Looking back at the Phaneuf trade

Published Dec. 16, 2010 12:00 a.m. ET

Since the Maple Leafs and Flames consummated one of last season’s most notable NHL trades — one that sent Dion Phaneuf, Fredrik Sjostrom and Keith Aulie to Toronto and Matt Stajan, Niklas Hagman, Ian White and Jamal Mayers to Calgary — there’s been no shortage of debate as to who won the deal.

The standard answer to any discussion on the winner and loser of a trade is that it takes longer than 12 months to determine which GM made out like a bandit and which one should report to their local police constabulary to register as a robbery victim.

(In a predictably hilarious aside, both Brian Burke and Darryl Sutter are on record as saying they would make the same trade today; nice to hear, but what do we expect them to say — ‘Damn, I really bunged up that sucker’?)

But in the case of that Phaneuf/Stajan swap, the standard answer doesn’t apply. The verdict is in — and Toronto GM Brian Burke is the clear victor over his Calgary counterpart Darryl Sutter.

To be honest, the Leafs winning this deal was the initial reaction of many, if not most people, inside and outside the NHL community. But the past 11 months have shown just how badly Sutter panicked when he pulled the trigger.

Forget about Mayers, a throw-in to the trade who had next to no impact during his stint with his hometown Leafs (and who left Calgary in the offseason to sign with San Jose). That makes it a three-for-three transaction. And since White was dealt to Carolina in November for D-man Anton Babchuk, let’s call it Phaneuf, Sjostrom and Aulie for Stajan, Hagman and Babchuk.

In essence, Toronto acquired (a) two hulking defensemen with the prime of their careers still ahead of them; and (b) an effective penalty-killing worker bee. Calgary acquired (a) a center who continues to labor under the weight of a top-six forward label (and who has been a healthy scratch for the past two games); (b) a winger who, while capable of scoring, struggles through goal droughts with frustrating regularity; and (c) a blueliner who has been on the right side of the plus/minus ledger just once in his four-year NHL career (and who has amassed more than 14 points in only one of those four years).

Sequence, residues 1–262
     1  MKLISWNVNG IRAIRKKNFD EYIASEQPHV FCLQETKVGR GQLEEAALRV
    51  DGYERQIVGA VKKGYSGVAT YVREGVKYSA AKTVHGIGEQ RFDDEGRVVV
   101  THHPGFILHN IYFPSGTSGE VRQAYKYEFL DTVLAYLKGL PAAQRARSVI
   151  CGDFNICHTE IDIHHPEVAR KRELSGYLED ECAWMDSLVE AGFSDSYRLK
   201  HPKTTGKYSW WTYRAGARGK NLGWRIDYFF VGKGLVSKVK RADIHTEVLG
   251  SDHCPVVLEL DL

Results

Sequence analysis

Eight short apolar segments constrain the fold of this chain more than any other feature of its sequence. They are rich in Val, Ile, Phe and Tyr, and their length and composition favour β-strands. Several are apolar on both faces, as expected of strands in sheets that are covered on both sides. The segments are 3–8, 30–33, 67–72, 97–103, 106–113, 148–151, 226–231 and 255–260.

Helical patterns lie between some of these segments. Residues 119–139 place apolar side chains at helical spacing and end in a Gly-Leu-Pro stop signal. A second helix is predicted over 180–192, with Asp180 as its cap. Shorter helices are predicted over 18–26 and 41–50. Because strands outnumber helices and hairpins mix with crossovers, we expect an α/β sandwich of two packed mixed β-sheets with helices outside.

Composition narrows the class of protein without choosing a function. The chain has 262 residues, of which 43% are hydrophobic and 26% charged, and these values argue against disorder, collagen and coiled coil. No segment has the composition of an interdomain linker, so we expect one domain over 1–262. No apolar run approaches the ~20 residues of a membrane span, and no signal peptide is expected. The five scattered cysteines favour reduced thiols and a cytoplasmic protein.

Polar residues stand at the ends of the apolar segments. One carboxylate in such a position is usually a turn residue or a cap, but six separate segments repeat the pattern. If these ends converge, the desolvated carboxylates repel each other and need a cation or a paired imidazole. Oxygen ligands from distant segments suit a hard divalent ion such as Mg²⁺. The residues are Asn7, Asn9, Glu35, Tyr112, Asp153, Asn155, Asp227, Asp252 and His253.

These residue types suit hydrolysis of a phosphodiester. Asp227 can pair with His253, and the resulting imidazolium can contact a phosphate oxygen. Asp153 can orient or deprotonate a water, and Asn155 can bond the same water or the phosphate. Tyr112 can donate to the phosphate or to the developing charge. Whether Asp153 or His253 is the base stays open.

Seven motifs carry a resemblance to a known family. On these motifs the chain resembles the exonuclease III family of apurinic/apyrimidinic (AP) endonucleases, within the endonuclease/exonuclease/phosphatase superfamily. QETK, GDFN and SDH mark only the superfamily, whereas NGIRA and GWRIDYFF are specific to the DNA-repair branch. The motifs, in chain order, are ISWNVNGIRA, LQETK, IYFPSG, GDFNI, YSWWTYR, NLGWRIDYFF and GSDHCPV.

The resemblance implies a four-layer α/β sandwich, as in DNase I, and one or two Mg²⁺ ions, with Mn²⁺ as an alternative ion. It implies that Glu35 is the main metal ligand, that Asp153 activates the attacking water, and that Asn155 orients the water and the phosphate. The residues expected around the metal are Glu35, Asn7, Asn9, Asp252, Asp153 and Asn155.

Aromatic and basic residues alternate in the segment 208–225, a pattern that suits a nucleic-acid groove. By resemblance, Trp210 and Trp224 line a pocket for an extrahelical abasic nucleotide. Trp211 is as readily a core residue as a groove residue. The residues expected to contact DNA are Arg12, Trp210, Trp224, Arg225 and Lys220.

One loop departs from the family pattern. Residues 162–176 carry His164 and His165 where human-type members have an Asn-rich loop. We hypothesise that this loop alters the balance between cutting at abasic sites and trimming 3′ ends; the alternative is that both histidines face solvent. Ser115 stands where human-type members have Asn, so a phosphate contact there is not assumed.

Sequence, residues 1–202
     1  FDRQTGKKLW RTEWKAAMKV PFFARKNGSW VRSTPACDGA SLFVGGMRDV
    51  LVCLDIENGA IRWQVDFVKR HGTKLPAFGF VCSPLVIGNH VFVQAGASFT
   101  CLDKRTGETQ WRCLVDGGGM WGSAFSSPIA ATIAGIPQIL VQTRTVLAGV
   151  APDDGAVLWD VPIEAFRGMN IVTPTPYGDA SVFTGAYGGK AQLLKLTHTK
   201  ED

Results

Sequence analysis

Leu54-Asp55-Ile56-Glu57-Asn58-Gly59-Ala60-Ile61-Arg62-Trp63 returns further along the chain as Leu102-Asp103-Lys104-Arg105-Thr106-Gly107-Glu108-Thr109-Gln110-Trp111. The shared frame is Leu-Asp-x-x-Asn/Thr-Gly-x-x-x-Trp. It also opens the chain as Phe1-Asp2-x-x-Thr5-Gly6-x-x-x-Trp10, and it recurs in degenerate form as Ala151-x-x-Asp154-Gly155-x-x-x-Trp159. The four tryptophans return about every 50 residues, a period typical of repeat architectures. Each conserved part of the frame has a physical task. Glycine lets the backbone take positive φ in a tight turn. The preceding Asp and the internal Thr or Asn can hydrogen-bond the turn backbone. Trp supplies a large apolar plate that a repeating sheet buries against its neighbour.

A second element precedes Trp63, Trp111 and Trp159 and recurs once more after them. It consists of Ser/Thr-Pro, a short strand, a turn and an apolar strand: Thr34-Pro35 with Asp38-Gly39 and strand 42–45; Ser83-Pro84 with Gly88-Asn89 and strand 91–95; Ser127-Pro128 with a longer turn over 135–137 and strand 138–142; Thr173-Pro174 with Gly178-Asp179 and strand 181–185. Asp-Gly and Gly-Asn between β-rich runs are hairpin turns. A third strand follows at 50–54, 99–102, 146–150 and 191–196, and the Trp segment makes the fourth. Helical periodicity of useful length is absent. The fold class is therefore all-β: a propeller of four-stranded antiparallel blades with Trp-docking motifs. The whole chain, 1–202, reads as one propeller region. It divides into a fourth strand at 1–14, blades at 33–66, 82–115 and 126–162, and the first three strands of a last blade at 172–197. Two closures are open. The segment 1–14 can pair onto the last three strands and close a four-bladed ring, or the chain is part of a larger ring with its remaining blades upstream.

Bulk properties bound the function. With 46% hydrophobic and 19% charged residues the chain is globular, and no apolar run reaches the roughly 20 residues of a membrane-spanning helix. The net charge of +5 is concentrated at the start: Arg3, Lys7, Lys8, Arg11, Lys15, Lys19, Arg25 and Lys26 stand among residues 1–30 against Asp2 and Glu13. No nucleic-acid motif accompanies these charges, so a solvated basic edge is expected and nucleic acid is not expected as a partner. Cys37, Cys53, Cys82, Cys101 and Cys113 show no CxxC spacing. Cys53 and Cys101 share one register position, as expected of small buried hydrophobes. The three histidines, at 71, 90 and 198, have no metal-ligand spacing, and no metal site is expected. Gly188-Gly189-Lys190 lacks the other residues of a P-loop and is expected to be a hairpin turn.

Does that sound like a deal where, as the cliché goes, both sides benefit? Not to me, it doesn’t. It sounds like the type of steal that resonates for decades in both cities, the way the infamous Doug-Gilmour (and others)-for-Gary Leeman (and others) trade still haunts Calgarians to this day.

Now, defenders of the Flames would try and counter this argument by noting Phaneuf is wildly overpaid for what he has been able to deliver in Toronto. While that’s a fair point, Sutter made it moot when he inexplicably signed Stajan to a four-year, $14-million contract in March. It was an unnecessary doubling-down on Sutter’s behalf — and the pressure put on Stajan by his salary cap value has made his lack of production this season (one goal in 25 games and just four in 52 games in a Flames uniform) all the more painful.

Like Stajan, Phaneuf has a contract that will last three more years after this season — and at a much higher cap hit ($6.5 million per year).

However, the difference is that Burke has enough cap flexibility in the coming years — $20 million in space next season and $36 million in 2012-13 — to engage in that calculated gamble. Sutter, on the other hand, has only $3 million in cap space next year and has committed $34.3 million to just seven players for the ’12-13 campaign.

Ridding the Flames of Phaneuf’s contract only made sense if Sutter was wise in re-distributing the money that was saved in the deal. But Sutter was not wise in that regard. The trade was a crystal clear case of him cutting off his nose to spite his face — and instead of listening to the outcry that followed the cutting, Sutter caressed the lopped-off schnozz like a Faberge Egg and now holds it high over his head with a perverse sense of pride.

There will be a standard answer in the coming years as to who won this deal: Toronto. And, as with the Gilmour/Leeman trade, there will be a standard reply to those who’ll continue to suggest it’s not that simple and that Calgary got something of real value out of it:


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Adam Proteau, co-author of the book The Top 60 Since 1967, is writer and columnist for The Hockey News and a regular contributor to THN.com. Power Rankings appear Mondays, his blog appears Thursdays and his Ask Adam feature appears Fridays.

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